CFIA rules cost Canadian farmers $657 million a year
Improvements needed to agency's customer service, communication
REGINA, Jan. 29, 2014 /CNW/ - For the first time, the cost of complying with the Canadian Food Inspection Agency's (CFIA) regulations has been calculated, totaling $657 million each year for Canada's farmers and agriculture industry. As part of Red Tape Awareness WeekTM, the Canadian Federation of Independent Business (CFIB) presents these findings in its second CFIA Report Card.
The report is based on a survey of CFIB agri-business members and provides a comprehensive review of how the CFIA interacts with farmers, as well as its impact on the agriculture sector. Agriculture is an important part of the Canadian economy - employing 2 million people and contributing 8.1 per cent of Canada's GDP.
"Farmers support rules necessary to ensure safe food and are tired of getting the runaround from the CFIA," says Marilyn Braun-Pollon, CFIB's vice-president, agri-business. "Spending thousands of dollars and countless hours navigating through confusing forms and contradictory information leaves farmers feeling completely frustrated. And this does nothing to promote food safety."
Key findings on the CFIA:
- Since 2006, the annual average cost of complying with the agency's rules and paperwork has increased from $19,000 to $20,396 per agri-business owner;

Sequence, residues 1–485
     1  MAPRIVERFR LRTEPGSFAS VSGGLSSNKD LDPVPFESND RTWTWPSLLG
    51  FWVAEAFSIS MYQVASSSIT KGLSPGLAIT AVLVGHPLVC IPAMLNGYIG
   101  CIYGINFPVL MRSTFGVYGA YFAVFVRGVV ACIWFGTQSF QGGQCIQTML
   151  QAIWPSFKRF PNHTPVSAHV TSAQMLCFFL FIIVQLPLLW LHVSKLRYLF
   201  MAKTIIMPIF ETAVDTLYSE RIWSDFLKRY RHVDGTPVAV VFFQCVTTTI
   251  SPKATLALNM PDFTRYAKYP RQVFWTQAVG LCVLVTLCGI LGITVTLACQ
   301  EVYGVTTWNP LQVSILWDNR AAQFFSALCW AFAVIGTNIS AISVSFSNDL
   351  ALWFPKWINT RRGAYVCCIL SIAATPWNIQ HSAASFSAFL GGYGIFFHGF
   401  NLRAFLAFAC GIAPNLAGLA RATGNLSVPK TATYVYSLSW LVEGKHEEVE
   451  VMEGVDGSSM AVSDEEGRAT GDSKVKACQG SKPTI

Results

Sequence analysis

- Only one-in-five agri-business owners believe the CFIA provides good 'overall service', the same as previous findings in 2006, indicating there is no improvement in overall service.
- 60 per cent of agri-business owners say CFIA regulations add significant stress to their lives; and
46 per cent report that the agency's regulations significantly reduce
productivity in their business, up from previous findings (40 per cent)
While the report shows improvements to accessibility and to the attitude of agency staff, CFIA clearly still has a lot more work to do when it comes to communications and overall service.
"As CFIA modernizes Canada's food regulatory system through the Safe Food for Canadians Action Plan, we hope they make concrete and practical changes to address farmers' concerns, as things really do need to change," concluded Braun-Pollon.
CFIB is Canada's largest association of small and medium-sized businesses with 109,000 members across every sector and region (7,200 independently owned and operated agri-businesses in the country, the majority of which are primary producers).
SOURCE Canadian Federation of Independent BusinessFor further information: